Renowned historian of the American West, Frederick Nolan, author of
"The West of Billy the Kid" and "The Lincoln County War: A
Documentary History, " noted that with the publication of this new
book Maddox has "written a whole new chapter in outlaw history." --
During the first week of May 1881 the "Santa Fe New Mexican"
carried two reward notices from Governor Lew Wallace. One was for
$500 for William Bonney, "alias The Kid" and directly below that
was another reward notice for $2250 for Ike Stockton and his gang.
Like Billy the Kid, Ike had a price of $500 on his head. Compared
to the Kid, few have ever heard of Ike Stockton. Fewer still have
heard of his older brother, Porter. Yet it was Porter Stockton who
was by far the most dangerous and deadly of the brothers. In March
1881 the "Las Vegas (New Mexico) Optic" described Porter Stockton
as "one of the most hardened murderers and desperadoes that ever
darkened the pages of history and annals of crime." Countless hours
of research over a period of six years have resulted in this
thorough and entertaining account of the turmoil caused by the
Stockton brothers. From cattle kings to cowboys, from cow towns to
hell on wheels railroad camps and from shootouts to lynchings,
their story encompasses all of the legends of the mythic American
West. Take hold of this book like you would the reins of a skittish
horse, find the sweet spot in the saddle, or better yet your easy
chair, and settle in for a hell of a ride.
NOTE: Non-fiction, softcover, 530 pages. This book includes a
bibliography, endnotes and an index. It contains black and white
illustrations, photos and maps.
EXCERPT: Driving cattle across large stretches of the arid portions
of Texas and New Mexico, through territory inhabited by free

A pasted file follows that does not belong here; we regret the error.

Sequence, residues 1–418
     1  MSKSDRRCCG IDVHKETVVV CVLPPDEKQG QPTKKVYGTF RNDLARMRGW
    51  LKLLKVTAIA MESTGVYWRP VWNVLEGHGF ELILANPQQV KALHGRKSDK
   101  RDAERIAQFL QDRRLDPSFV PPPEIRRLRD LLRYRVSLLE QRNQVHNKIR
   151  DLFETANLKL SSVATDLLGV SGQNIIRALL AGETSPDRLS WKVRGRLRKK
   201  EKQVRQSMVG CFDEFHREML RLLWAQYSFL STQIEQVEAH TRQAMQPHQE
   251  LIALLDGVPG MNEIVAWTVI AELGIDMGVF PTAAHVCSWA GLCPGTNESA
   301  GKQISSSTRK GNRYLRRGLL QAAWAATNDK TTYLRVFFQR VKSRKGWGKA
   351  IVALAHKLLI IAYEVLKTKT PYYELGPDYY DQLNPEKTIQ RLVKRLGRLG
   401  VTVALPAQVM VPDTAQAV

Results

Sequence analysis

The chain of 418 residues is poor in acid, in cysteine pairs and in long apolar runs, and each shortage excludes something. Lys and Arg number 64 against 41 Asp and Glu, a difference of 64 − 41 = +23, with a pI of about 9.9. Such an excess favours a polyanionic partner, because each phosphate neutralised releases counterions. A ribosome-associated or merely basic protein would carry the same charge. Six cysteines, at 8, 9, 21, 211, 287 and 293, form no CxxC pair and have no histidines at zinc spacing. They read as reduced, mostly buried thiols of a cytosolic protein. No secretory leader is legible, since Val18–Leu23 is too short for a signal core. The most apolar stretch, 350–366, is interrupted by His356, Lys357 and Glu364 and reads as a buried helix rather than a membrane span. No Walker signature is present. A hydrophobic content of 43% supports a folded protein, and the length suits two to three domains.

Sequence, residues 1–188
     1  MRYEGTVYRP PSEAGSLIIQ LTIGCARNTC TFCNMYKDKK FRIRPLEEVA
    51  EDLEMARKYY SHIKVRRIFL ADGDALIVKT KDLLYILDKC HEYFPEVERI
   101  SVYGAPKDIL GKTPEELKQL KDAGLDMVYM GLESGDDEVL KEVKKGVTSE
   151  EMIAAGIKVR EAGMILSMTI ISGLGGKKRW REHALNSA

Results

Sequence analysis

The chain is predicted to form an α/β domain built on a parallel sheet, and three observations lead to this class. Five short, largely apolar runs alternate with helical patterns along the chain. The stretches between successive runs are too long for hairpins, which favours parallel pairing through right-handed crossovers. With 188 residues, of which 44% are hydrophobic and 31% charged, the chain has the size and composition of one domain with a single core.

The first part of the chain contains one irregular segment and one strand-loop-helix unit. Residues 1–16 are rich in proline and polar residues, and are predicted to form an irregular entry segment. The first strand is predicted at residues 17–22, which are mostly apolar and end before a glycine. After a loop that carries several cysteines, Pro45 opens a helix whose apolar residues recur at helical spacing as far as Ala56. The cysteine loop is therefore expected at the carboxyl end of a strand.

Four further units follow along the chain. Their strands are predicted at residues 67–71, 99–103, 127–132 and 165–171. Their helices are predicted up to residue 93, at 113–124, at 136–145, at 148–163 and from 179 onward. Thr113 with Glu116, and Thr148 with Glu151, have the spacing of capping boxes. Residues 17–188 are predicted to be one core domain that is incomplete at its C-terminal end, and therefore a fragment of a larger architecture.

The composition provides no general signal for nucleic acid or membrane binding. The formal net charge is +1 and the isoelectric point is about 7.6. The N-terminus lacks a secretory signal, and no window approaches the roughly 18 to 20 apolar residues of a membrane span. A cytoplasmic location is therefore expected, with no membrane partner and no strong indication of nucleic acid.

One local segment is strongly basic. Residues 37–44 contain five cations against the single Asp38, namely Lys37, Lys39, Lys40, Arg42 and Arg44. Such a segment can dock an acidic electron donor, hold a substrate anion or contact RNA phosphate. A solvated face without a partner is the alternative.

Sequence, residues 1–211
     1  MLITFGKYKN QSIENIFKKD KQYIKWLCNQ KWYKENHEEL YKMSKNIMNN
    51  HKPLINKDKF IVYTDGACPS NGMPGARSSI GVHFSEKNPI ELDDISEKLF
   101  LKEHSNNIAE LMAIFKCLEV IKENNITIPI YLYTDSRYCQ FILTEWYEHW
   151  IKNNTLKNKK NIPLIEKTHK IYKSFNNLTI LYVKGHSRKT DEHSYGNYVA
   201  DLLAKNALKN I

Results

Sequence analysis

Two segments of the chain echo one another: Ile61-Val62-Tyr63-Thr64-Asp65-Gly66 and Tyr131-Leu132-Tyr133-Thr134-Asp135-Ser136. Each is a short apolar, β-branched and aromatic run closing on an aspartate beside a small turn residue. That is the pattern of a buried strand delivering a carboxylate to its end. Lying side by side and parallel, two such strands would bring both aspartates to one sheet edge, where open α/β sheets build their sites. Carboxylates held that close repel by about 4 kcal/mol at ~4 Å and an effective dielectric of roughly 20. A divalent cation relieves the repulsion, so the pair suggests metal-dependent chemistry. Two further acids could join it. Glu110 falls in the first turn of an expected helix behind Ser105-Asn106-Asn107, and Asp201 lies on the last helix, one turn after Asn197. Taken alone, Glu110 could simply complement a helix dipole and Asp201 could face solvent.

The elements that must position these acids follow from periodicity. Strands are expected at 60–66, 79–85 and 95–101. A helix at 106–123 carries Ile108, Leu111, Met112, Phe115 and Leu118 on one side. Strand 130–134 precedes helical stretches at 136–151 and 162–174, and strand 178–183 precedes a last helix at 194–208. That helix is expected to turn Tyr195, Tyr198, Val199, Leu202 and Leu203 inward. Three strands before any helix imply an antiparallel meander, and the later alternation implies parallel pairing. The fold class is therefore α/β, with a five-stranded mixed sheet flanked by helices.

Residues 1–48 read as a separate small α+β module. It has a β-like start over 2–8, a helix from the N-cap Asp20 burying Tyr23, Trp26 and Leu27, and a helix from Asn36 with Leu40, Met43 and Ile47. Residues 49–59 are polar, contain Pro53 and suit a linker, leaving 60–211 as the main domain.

roaming and combative Indians required men who would never back
down from any challenge. Even Oliver Loving lost his life as the
result of an Indian bullet received while hunkered down in the mud
of the Pecos River. Inevitably, some of the herders stepped over
the line and became desperadoes. One of the tempests coming out of
Texas would brew and build around Stephenville before moving west
and north along with the suffocating dust cloud stirred up by the
hooves of thousands of Texas cattle. Erath County residents would
figure prominently as the storm regained strength in Colfax County,
New Mexico. The same Erathians would be present when the storm grew
to reach its cyclonic and climactic outburst in the San Juan
country of New Mexico and Colorado. Porter and Ike Stockton were at
the epicenter of this final blast.
SUBJECTS: The Allison Gang, Charles Allison, Clay Allison, Amargo
(NM), Animas City (CO), Aztec (NM), Billy the Kid, Moses Blancett,
Jimmy Catron, Chama (NM), Cimarron (NM), Frank and George Coe, L.G.
Coleman, Colfax County (NM), Hiram Washington Cox and family, Col.
Robert Crofton, Denver and Rio Grande Railroad, Durango (CO),
Robert Dwyer, Erath County (TX), Dison and Hargo Eskridge,
Farmington (NM), Fort Lewis (CO), Max Frost, "Bud" Galbreath, Jim
Garrett, Henry Goodman, Charles Goodnight, Alf Graves, William B.
Haines, Gus (Heffron) Hefferman, James Heffernan, John Hittson, Doc
Holliday, Big Dan Howland, Hurricane Bill, Charles Adam Jones, La
Plata County (CO), La Plata valley, Irvin W. Lacy, La Sal Mountains
(UT), Marion Littrell, George Lockhart, George W. Morrison, Tom
Nance, Navajo Indians, Tony Neis, David Ogsbury, Otero (NM), Palo
Pinto County (TX), Parrott City (CO), Pinhook valley Indian fight,
Gov. Frederick W. Pitkin, Al and Austin Puett, Flora Pyle, Rico
(CO), San Juan County (CO), San Juan County (NM), Silverton (CO),
Stephenville (TX), Samuel Stockton, Jim Sullivan, Kid Thomas,
George W. Thompson, Thompson and Lacy (LC) cattle outfit, Trinidad
(CO), Ute Indians, Vermejo River valley (NM), Gov. Lew Wallace,
Barney Watson, Bert Wilkinson, "One-armed" Billy Wilson.
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